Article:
Darwin is set to become the centre of global aviation history again, 100 years after Ross and Keith Smith, Wally Shiers and Jim Bennett made the first successful flight from London to Australia, touching down in Parap to claim first prize in the Great Air Race.
As well as marking the 99th anniversary of the 1919 race, the Territory Government today unveiled further details of plans to commemorate its Centenary Year, which will culminate in a re-creation of the race, this time with planes powered by low-pollution and renewable energy.
The year-long program of events as well as the 2019 Great Air Race will attract thousands of aviation and history buffs from around the world, providing a boost to local businesses and creating jobs.
It will also attract innovators in aviation, defence and renewable energy technology, showcasing Darwin as an innovation hub.
The Centenary events are expected to attract thousands of international and interstate attendees, as well as raising awareness of Darwin as a centre of aviation innovation.
The 1919 Great Air Race was initiated by Prime Minister Billy Hughes at the end of World War I and became the catalyst for international air travel and improved global communications.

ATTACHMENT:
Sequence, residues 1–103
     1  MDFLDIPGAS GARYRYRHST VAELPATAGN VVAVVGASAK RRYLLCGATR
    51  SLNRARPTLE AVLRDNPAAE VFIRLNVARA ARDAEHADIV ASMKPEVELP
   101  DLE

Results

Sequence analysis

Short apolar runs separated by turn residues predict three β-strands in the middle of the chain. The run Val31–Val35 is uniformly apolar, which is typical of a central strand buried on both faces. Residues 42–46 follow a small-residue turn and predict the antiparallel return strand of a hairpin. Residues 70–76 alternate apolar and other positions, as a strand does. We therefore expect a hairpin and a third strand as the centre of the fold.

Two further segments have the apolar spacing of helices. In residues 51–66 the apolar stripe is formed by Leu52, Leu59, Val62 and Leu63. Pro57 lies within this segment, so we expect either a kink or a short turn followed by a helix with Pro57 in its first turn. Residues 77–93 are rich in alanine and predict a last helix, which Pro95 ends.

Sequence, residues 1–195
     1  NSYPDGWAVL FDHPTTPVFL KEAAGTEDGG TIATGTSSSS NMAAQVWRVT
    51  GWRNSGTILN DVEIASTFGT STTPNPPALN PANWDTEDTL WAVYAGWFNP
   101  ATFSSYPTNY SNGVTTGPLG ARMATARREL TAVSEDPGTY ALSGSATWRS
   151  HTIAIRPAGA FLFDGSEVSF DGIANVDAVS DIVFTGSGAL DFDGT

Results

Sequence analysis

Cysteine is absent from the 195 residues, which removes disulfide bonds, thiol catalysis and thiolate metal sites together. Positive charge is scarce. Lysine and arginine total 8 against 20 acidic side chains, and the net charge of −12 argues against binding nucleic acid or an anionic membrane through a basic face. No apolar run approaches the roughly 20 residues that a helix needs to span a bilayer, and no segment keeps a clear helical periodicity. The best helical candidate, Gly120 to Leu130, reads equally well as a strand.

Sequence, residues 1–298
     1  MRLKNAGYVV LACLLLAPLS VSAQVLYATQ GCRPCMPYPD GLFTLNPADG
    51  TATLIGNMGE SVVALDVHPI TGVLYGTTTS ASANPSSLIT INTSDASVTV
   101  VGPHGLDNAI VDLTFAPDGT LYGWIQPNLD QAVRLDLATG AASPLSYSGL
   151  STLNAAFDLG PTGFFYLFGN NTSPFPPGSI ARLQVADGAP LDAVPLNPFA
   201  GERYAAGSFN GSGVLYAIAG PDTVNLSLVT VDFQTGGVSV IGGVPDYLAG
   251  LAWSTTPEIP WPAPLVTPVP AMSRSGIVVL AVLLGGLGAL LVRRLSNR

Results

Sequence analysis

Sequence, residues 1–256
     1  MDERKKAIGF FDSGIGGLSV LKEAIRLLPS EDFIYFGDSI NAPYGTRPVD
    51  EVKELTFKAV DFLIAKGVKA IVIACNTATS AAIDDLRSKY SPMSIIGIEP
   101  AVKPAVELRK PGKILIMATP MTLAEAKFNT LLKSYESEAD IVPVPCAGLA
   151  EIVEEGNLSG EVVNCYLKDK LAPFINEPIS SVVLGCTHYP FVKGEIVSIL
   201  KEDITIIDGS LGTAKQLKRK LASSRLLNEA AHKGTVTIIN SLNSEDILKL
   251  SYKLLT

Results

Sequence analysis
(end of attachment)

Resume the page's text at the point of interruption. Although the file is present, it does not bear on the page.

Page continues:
The 18,000 km 2019 Great Air Race will stay as close as possible to the original race route using low pollution, electrically-powered and highly efficient aircraft.
More than 20 teams from around the world have already entered across four classes – Battery Electric, Hydrogen Fuel-Cell Electric, Hybrid Combustion-Engine Electric and Efficiency Class.
Marking the 99th anniversary of the race today, the Fannie Bay History and Heritage Society Inc. hosted a commemorative ceremony at the newly restored Ross Smith Memorial in Fannie Bay, originally unveiled in 1923. The $268,000 restoration works by local company Landshapes was funded by the NT Government.
The restoration included conservation work to the memorial itself, installing power and lighting, two permanent flagpoles, a new pedestrian pathway, and new interpretive information.
As noted by Minister for Tourism and Culture, Lauren Moss
Through our turbocharging tourism investment, we are better able to play up the range of attractions that we have on offer, including our significant place in world and aviation history. This enhances our ability to attract a whole new market of visitors, supporting local businesses and creating jobs.
The 1919 Great Air Race put little-known Darwin on the world map and we are set to do it again with the Centenary of this momentous, history-making event.
It is exciting to launch the Centenary Year of the Great Air Race, and suite of events that will bring the Territorys rich history, and our future potential, to the world stage.
Its also great to see the restoration work on the heritage listed Ross Smith Memorial located in Fannie Bay completed in time for the commemoration in 2019.